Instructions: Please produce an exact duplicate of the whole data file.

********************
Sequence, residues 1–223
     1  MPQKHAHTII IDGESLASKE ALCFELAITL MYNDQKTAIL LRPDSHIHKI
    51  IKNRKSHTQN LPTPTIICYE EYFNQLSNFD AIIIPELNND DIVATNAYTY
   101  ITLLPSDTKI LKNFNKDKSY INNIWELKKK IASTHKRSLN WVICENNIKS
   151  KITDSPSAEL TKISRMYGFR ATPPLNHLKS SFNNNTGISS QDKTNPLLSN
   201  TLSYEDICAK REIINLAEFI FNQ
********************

Sequence, residues 1–223
     1  MPQKHAHTII IDGESLASKE ALCFELAITL MYNDQKTAIL LRPDSHIHKI
    51  IKNRKSHTQN LPTPTIICYE EYFNQLSNFD AIIIPELNND DIVATNAYTY
   101  ITLLPSDTKI LKNFNKDKSY INNIWELKKK IASTHKRSLN WVICENNIKS
   151  KITDSPSAEL TKISRMYGFR ATPPLNHLKS SFNNNTGISS QDKTNPLLSN
   201  TLSYEDICAK REIINLAEFI FNQ